p. 119 Instead, he [Adam Smith] thought their outsized influence was due to their wealth and power and the favor of the law. [referring to ‘men of money’]
p. 121 [Adam Smith again] He describes that minimum as either a subsistence wage to procure the worker’s survival or a family wage enabling a family not only to maintain and reproduce itself but also to advance itself.
p. 122 Finally [Smith again] there must always obtain a certain ‘proportion’ between the rate of profit and the wages of labor……. and Smith continuing: There are fewer employers than employees, so employers can combine more esily. Even when they do not coordinate their actions, informal codes and unspoken rules ensure that they will not break with each other
p. 124 Burke disclaims any interest in the needs or contributions of labor. The price of labor is a function of capital’s demand for labor; any consideration beyond that…… is ‘passed out of that department’ of commerce and justice and comes within the jurisdiction of mercy’ and Christian charity. Where Smith sees capital using its economic and legal power to extract the most damagin contracts from labor, Burke sees the free market at work….. Burke insists that ‘the moment that Government appears at market, all the principles of market will be subverted,’ while remaining silent about all the ways in which the government already appears at market on behalf of capital.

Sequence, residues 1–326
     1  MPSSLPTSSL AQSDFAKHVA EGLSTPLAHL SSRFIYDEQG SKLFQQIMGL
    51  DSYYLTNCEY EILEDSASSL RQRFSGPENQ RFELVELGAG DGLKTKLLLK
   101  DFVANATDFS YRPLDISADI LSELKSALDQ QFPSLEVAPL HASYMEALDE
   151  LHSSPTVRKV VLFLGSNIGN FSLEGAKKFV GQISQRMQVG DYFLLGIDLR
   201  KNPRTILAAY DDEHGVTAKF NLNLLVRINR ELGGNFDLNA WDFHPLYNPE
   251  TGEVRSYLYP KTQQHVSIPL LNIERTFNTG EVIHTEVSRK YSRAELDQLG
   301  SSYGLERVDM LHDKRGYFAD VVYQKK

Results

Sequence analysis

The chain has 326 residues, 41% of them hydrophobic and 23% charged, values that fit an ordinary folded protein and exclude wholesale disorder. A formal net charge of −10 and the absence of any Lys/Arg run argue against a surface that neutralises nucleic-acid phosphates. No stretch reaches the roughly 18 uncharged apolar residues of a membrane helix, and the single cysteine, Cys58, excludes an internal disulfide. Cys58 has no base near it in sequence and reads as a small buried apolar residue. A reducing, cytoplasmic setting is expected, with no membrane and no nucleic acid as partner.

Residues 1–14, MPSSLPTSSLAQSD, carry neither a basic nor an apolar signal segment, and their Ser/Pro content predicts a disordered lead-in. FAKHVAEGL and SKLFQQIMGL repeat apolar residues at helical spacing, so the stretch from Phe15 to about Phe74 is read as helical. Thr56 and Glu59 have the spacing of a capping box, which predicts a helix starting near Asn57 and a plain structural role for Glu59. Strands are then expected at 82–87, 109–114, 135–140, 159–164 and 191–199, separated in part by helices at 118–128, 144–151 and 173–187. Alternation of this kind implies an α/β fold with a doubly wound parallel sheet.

p. 125 Absent a universal standard of value [Burke believes none exist], we are left with only the subjective preferences of buyers and sellers in the market.
p. 145 According to Nietzsche via Robin: Value was not made with coarse and clumsy hands; it was enacted with an appraising gaze, a nod of he head signifying the matchless abundance of an exquisite sense of taste. It was, in short, aristocratic.
p. 146 He along [the artist, the general, the statesman] could claim that role. He along had the necessary reefinements, wrought by ‘that pathos of distnce which grows out of the ingrained difference between strata,’ to appreciate and bestow value: upon men, practices, and beliefs.